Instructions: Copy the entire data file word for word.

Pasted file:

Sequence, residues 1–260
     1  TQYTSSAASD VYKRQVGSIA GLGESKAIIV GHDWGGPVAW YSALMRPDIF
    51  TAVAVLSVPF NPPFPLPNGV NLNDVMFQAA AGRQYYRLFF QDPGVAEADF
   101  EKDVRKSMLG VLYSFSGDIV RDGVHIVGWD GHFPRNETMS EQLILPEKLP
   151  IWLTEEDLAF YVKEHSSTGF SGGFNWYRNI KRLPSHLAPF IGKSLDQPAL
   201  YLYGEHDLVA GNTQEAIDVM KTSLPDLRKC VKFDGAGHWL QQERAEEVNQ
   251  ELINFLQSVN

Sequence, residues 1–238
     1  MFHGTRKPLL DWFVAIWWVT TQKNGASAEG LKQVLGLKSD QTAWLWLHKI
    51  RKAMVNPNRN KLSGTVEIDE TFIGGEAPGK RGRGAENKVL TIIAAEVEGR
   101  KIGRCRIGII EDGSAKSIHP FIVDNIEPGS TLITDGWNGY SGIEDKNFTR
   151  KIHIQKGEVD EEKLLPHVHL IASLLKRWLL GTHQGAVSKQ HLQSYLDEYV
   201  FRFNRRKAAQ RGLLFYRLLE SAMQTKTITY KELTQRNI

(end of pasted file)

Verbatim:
Sequence, residues 1–260
     1  TQYTSSAASD VYKRQVGSIA GLGESKAIIV GHDWGGPVAW YSALMRPDIF
    51  TAVAVLSVPF NPPFPLPNGV NLNDVMFQAA AGRQYYRLFF QDPGVAEADF
   101  EKDVRKSMLG VLYSFSGDIV RDGVHIVGWD GHFPRNETMS EQLILPEKLP
   151  IWLTEEDLAF YVKEHSSTGF SGGFNWYRNI KRLPSHLAPF IGKSLDQPAL
   201  YLYGEHDLVA GNTQEAIDVM KTSLPDLRKC VKFDGAGHWL QQERAEEVNQ
   251  ELINFLQSVN

Sequence, residues 1–238
     1  MFHGTRKPLL DWFVAIWWVT TQKNGASAEG LKQVLGLKSD QTAWLWLHKI
    51  RKAMVNPNRN KLSGTVEIDE TFIGGEAPGK RGRGAENKVL TIIAAEVEGR
   101  KIGRCRIGII EDGSAKSIHP FIVDNIEPGS TLITDGWNGY SGIEDKNFTR
   151  KIHIQKGEVD EEKLLPHVHL IASLLKRWLL GTHQGAVSKQ HLQSYLDEYV
   201  FRFNRRKAAQ RGLLFYRLLE SAMQTKTITY KELTQRNI